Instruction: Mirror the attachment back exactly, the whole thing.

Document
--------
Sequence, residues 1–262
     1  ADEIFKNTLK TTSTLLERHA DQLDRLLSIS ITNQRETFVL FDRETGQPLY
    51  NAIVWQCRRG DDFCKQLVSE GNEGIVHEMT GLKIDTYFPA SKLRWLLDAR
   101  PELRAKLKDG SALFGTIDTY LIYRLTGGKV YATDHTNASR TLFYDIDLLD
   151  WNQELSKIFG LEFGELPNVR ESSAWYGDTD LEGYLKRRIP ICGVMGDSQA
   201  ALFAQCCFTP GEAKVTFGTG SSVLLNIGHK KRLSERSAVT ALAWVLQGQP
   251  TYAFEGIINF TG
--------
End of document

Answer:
Sequence, residues 1–262
     1  ADEIFKNTLK TTSTLLERHA DQLDRLLSIS ITNQRETFVL FDRETGQPLY
    51  NAIVWQCRRG DDFCKQLVSE GNEGIVHEMT GLKIDTYFPA SKLRWLLDAR
   101  PELRAKLKDG SALFGTIDTY LIYRLTGGKV YATDHTNASR TLFYDIDLLD
   151  WNQELSKIFG LEFGELPNVR ESSAWYGDTD LEGYLKRRIP ICGVMGDSQA
   201  ALFAQCCFTP GEAKVTFGTG SSVLLNIGHK KRLSERSAVT ALAWVLQGQP
   251  TYAFEGIINF TG